This is the tangled situation Paul was dealing with in the city a Corinth. A place where archaeological records indicate some people had up to 25 divorces! A very detailed explanation of the Scripture that deals with what to do regarding divorce in remarriage in various circumstances, has been done by John MacArthur. I can’t do any better than he did with it, so here’s a link to what he said.
You really should take the time and read what he said.
Here’s my much shorter version:
In I Corinthians 7, the Bible writes about different categories of people:
…1Corinthians 7:8 Now to the unmarried and the widows…
Speaking to the church, we’re talking believers who are not married now, although they may have been previously, and to widows.
…1Corinthians 7:10 To the married I give this command (not I, but the Lord): ….
Again, since he’s writing to the church, this would be believers who are married to each other.
…1Corinthians 7:25 Now about virgins:…
Believers in the church who had never been married obviously
…1Corinthians 7:12 To the rest I say this
In context this seemed to be directed at people who had spouses who were not believers in Jesus.
Let’s briefly take each case.
BELIEVERS WHO ARE NOT MARRIED NOW, BUT MAY HAVE BEEN PREVIOUSLY
Now to the unmarried and the widows I say: It is good for them to stay unmarried, as I am. But if they cannot control themselves, they should marry, for it is better to marry than to burn with passion. -I Corinthians 7:8-9
You may ask, well how is remarriage possible for someone who has been married before? Wouldn’t that be adultery? And many will conclude that this passage MUST be talking about virgins, -but if that’s true, the Bible could have just said virgins. It didn’t. It says virgins in verse 25, but here it simply used the world for “unmarried” which applies to anyone who is not currently married. Verse 34 seems to confirm this by saying “An unmarried woman or virgin…” Here again you notice Paul isn’t simply talking about virgins when he says “unmarried.” Therefore the word “unmarried” sensibly would refer to singles who had been previously married AND virgins. Both were “unmarried.”
So is it ok to remarry? Does this contradict what Jesus said?
I don’t think so. Jesus was talking to people under the Law in the nation of Israel. Here, Paul is talking to Christians. And I think what we see here is that many of these people came from a sordid lifestyle in Corinth, with a lot of marriages and divorces, and when they came to put their faith in Jesus, it was a chance to start over. After all, the Bible says when we come to Christ, we are a “new creation, the old has gone.” It also says our “old self” was crucified with Christ. This wasn’t the case yet for the people Jesus was speaking to, but it IS the case for anyone who believes in Jesus, repents, turns to God and is baptized.
So I believe that Paul was saying that whatever happened in the past, before you became a Christian, no longer counts against you now that you are a believer. And if you aren’t married, it’s better to get married than to burn with passion. For people in Corinth who may have had 20 divorces before becoming a Christian, this second chance would be a blessing indeed.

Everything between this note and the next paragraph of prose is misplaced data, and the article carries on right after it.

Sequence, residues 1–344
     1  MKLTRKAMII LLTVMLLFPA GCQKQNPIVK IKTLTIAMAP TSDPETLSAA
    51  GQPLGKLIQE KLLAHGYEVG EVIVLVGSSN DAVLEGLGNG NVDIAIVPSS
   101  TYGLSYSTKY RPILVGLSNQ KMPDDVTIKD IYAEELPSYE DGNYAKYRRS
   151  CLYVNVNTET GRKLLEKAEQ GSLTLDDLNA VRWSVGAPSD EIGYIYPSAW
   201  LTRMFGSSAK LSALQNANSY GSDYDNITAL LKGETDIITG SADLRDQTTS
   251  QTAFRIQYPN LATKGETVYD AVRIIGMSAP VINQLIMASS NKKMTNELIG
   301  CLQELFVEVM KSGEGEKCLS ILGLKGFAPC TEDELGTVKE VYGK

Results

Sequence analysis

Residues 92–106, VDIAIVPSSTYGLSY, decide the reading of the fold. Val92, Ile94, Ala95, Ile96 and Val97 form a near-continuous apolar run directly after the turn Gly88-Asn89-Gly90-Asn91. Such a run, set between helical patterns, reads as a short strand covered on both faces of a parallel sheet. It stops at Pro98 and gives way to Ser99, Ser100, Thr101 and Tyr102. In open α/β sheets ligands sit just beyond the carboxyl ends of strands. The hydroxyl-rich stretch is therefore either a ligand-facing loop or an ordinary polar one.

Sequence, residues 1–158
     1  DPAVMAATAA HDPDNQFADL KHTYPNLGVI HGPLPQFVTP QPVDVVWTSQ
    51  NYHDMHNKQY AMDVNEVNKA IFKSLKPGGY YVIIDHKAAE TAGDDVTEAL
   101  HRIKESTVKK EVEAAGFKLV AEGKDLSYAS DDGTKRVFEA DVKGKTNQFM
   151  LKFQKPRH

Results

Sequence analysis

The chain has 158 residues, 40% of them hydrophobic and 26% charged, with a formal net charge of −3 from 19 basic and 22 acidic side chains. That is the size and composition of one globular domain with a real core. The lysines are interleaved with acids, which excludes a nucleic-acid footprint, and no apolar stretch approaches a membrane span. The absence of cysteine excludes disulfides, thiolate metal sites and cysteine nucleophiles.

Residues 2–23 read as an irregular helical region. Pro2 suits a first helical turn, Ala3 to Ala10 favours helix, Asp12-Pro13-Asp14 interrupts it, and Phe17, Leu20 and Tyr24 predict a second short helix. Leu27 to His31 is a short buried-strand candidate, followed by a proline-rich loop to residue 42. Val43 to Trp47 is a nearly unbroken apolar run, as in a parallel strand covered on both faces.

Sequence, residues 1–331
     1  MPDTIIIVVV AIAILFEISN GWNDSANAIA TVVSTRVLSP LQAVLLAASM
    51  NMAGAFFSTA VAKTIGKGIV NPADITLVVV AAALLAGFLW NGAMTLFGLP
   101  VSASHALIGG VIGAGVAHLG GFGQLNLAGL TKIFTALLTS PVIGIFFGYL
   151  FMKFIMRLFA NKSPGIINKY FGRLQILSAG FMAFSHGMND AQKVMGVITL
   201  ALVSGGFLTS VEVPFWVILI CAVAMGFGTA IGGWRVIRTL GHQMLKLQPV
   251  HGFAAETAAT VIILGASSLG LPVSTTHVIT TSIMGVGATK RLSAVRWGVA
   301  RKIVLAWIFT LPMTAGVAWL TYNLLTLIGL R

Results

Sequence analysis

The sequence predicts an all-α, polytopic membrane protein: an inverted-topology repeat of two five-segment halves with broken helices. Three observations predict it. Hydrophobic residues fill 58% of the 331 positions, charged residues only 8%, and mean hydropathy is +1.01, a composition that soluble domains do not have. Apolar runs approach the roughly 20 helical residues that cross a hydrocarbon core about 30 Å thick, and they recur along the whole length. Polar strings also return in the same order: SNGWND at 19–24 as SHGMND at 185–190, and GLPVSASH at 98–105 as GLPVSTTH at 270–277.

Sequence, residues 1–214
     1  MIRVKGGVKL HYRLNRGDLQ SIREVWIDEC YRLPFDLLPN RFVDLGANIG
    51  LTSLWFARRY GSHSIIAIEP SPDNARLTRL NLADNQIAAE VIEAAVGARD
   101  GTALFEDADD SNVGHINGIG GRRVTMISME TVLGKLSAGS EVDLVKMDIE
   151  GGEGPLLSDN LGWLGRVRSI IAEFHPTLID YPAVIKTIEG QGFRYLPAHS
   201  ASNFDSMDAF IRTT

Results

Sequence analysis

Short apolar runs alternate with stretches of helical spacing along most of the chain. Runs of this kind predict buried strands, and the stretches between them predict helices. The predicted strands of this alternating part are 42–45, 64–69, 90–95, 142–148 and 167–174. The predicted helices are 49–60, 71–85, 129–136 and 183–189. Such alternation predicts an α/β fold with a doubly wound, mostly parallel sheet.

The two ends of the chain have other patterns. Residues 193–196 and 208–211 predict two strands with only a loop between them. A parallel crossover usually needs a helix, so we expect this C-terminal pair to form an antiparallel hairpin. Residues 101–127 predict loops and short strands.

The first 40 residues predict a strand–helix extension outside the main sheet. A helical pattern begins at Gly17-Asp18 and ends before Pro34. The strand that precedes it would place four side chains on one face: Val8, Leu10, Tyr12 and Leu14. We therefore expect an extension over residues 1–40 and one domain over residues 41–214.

BELIEVERS WHO ARE MARRIED TO EACH OTHER
To the married I give this command (not I, but the Lord): A wife must not separate from her husband.But if she does, she must remain unmarried or else be reconciled to her husband. And a husband must not divorce his wife.
-I Corinthians 7:10-11
Speaking to believers who are married now. This isn’t about marriages in the past, but a current marriage, and here Paul writes two things: First, don’t get a divorce. And second, even if you do split up, remain unmarried or else be reconciled. Now we are back to God’s principle of not giving up on a marriage, and back to what Jesus said about remarriage being wrong.
See, Paul didn’t contradict Jesus earlier, he was just speaking of people who may have had divorces and remarriages before they became a Christian. But here, speaking to believers who are married, the command is to remain married, and even if you do get a divorce, do not remarry? Why? Because as Jesus said, that would be committing adultery. The only exception to this, is the one Jesus gave about marital unfaithfulness.
Here the question of abuse comes up. What about abuse? Shouldn’t that be an exception too? Honestly, if I was writing the rules, I’d include it, but the Bible doesn’t. So what do we do? First, I think as the verse above indicates, sometimes people do separate and get a divorce. Sometimes they need to because of situations like abuse. It’s not the divorce that is the problem, it’s the remarriage. So here the Bible says, “if” you do divorce, remain unmarried.
As long as remarriage doesn’t happen, reconciliation is possible. (More on that in a moment) And perhaps whatever caused the divorce or separation can be healed and restored? It’s happened for many people before, and again, this fits God’s principle of not giving up. However, is there ever a moment when a person can move on?
Yes, I think there are. Lets get to them:
WHEN A NON-BELIEVER LEAVES A BELIEVER